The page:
In-home treatments gain renewed focus


To say that Sharon Barajas is busy is an understatement.

Barajas, who co-owns a local landscaping business with her husband, typically leaves her home around 5 a.m. and is on the go for most of the day.

So when her kidneys began to fail due to complications from diabetes and Barajas had to start hemodialysis, the grueling schedule of treatments and recovery time really cut into her schedule and began to negatively impact her quality of life.

Several years ago, Barajas heard about an in-home hemodialysis program that is offered through Dr. Ken Boren and the Tempe Southwest Kidney Institute in Tempe. Intrigued, she visited the clinic and began using an NxStage System One portable dialysis unit that she can do from the comfort of home.

Much to her delight, the in-home hemodialysis has not only helped Barajas feel better, it has also given her back her freedom—and her life.

“Going in for hemodialysis was so inconvenient; I would have to drive to the center three days a week and it never felt personal or private; I’d always be with several other patients,” she said.

“Plus, it was a harsher treatment and it would take me a full day to recuperate, so I never felt very good.”

Boren, a nephrologist at Tempe Southwest Kidney Institute, said in-home hemodialysis has come a long way since he first trained on the system while in medical school in the 1970s. Boren helped open the center, located at 2141 E Warner Road, Suite 101, in south Tempe.

“A lot of physicians were familiar with the modality of in-home treatments, but then it sort of fell out of favor in the 1980s, although there were always a few patients doing it.”

A key reason the in-home treatments weren’t as popular back then, Boren explained, is that the machines tended to be unwieldy and non-portable.

When Boren attended a meeting in 2005 and listened to five or six patients talk about the benefits of in-home hemodialysis, he said he was struck by photos that one of the patients, who used an NxStage System One machine, showed the group.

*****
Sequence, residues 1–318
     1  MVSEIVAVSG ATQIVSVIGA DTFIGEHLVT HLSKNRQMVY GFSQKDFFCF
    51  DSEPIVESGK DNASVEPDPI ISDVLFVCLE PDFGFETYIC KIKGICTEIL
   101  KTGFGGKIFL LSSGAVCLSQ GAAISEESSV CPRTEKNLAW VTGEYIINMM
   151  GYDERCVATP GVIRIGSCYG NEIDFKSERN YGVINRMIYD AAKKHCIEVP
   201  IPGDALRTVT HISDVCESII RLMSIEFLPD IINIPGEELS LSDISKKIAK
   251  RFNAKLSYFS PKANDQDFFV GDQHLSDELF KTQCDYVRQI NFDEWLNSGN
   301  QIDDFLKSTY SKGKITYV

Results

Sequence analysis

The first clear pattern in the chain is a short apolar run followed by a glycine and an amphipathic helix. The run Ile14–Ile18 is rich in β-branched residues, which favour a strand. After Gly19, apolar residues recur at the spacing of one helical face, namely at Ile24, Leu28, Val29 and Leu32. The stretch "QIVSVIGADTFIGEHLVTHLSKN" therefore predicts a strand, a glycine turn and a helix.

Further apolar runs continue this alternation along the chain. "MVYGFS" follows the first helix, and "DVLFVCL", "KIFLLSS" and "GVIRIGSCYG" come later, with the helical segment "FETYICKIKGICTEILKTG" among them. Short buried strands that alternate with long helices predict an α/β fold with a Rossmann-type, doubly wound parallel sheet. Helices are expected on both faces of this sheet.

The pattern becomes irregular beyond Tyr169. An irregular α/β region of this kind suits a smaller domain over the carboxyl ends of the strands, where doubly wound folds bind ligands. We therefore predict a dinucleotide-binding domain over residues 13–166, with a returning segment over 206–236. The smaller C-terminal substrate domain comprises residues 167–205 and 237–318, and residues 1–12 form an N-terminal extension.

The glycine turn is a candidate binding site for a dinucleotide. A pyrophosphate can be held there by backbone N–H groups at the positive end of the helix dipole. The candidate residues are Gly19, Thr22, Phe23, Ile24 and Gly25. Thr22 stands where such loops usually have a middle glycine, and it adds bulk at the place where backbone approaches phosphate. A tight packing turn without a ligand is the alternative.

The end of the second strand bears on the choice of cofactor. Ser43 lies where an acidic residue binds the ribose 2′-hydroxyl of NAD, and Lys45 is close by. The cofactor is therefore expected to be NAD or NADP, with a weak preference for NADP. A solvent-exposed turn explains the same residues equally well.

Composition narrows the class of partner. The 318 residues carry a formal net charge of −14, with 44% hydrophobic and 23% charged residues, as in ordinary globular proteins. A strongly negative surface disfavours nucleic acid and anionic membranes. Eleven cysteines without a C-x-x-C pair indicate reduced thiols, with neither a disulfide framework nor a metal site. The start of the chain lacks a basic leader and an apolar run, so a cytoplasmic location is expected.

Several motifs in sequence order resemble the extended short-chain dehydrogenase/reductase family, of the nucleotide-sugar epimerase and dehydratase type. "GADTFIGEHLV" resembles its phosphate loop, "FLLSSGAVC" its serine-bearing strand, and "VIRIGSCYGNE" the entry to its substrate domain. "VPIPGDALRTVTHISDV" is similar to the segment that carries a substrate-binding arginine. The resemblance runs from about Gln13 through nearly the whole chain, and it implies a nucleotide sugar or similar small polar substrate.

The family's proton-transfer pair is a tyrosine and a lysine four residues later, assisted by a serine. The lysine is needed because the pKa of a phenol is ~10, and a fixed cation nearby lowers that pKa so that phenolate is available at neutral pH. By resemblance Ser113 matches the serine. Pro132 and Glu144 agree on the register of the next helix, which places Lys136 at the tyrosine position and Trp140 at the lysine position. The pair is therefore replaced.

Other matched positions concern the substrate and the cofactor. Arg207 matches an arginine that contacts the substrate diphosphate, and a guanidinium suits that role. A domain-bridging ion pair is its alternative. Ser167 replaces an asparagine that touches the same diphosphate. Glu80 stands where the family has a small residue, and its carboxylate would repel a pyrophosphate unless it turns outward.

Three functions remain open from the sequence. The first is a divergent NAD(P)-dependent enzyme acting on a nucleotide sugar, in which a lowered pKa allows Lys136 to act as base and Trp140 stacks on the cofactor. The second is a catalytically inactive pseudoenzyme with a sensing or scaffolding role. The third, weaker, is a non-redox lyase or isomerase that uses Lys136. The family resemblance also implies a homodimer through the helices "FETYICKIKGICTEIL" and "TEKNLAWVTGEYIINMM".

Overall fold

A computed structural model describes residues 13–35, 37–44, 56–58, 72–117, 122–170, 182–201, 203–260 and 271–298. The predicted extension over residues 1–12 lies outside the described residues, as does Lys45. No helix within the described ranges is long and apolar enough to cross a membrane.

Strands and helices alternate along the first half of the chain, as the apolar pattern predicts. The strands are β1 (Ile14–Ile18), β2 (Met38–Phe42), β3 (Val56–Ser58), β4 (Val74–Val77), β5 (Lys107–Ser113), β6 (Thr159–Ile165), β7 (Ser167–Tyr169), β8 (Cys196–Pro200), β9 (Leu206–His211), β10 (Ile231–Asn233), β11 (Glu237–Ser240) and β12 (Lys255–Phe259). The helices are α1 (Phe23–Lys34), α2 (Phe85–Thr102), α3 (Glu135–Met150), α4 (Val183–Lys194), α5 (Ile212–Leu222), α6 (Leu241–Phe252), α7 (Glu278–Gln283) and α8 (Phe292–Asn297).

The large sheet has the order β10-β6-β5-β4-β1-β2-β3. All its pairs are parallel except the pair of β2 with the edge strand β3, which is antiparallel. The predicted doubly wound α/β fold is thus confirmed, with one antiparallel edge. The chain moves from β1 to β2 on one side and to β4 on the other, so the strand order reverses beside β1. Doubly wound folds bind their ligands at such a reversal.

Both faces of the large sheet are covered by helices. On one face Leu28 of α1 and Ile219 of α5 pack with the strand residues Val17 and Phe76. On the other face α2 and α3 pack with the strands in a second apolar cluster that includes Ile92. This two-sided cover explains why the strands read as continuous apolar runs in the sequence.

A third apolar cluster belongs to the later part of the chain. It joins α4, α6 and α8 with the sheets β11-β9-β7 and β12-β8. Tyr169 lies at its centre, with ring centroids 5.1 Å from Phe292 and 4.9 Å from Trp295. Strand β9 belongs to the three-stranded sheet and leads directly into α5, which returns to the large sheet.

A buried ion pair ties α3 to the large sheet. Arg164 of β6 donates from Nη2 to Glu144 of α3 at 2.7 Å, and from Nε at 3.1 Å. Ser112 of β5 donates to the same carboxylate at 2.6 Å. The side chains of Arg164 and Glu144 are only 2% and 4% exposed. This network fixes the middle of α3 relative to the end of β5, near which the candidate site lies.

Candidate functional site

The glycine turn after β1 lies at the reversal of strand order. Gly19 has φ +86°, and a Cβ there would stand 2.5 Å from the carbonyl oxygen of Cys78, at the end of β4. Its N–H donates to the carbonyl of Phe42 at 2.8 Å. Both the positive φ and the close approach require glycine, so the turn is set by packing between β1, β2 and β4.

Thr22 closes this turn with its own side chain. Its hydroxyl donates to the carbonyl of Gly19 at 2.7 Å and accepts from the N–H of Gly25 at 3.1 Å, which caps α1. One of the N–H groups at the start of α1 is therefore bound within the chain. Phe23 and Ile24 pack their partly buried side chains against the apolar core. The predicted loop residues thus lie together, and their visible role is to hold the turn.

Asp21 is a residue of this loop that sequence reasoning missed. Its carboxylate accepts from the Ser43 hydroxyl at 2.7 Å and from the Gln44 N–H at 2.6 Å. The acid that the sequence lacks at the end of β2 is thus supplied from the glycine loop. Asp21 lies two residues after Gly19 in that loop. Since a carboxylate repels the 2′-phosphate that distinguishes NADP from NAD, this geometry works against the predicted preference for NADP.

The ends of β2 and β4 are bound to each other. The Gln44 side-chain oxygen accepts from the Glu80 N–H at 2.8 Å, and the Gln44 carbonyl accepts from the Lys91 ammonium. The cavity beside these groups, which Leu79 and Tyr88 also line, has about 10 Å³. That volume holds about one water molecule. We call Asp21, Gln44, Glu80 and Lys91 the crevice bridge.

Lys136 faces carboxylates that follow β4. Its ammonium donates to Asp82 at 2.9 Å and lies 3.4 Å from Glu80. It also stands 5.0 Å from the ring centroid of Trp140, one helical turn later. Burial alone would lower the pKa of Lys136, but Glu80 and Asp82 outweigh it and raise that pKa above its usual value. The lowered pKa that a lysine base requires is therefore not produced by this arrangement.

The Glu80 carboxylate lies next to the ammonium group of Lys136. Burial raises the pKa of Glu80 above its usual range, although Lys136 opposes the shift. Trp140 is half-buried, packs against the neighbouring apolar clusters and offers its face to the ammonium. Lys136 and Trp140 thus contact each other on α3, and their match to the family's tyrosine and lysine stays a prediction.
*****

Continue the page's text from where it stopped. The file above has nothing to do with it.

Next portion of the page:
“There he was, in his RV at Crater Lake up in Oregon, with the machine right there with him on a table. And I thought, gosh, if I had the choice to do hemodialysis in an RV I would want to do it too,” he said.

“With the System One, it frees up the patients and gives them a better quality of life.”

The only drawback to using the NxStage System One machine, Boren said, is that most patients use it five to six times a week instead of the usual three days a week at a clinic.

“The length of time of each session is less, though, so even though it is more frequent it’s still about the same amount of time,” Boren said.

“People have to be committed to doing it, but for those who want to be active, it’s a great option.”

Barajas said she doesn’t mind the extra treatments one bit. Each of the six hemodialysis sessions she does each week takes about half the time as those done in a clinic, she said, and she and her husband have the routine down to a science.

“I get up at 1:30 in the morning and get my machine ready, and then around 2 I wake up my husband who helps get everything started. It usually takes just over 2 hours to complete, and I can just relax and watch television the whole time,” she said.

By 5 a.m., Barajas said she is done with her hemodialysis and ready to get on with the rest of her day.

“I feel so much more in control now, and the important thing too is that I feel really well and my blood is much cleaner. People say I don’t look sick or act sick and they are right—I feel good.”

Boren said he hopes to expand the clinic to even more locations, in order to help even more kidney patients just like Barajas.

“We want to give more patients the ability to have in-home hemodialysis treatment and to feel better and be able to do more things.”



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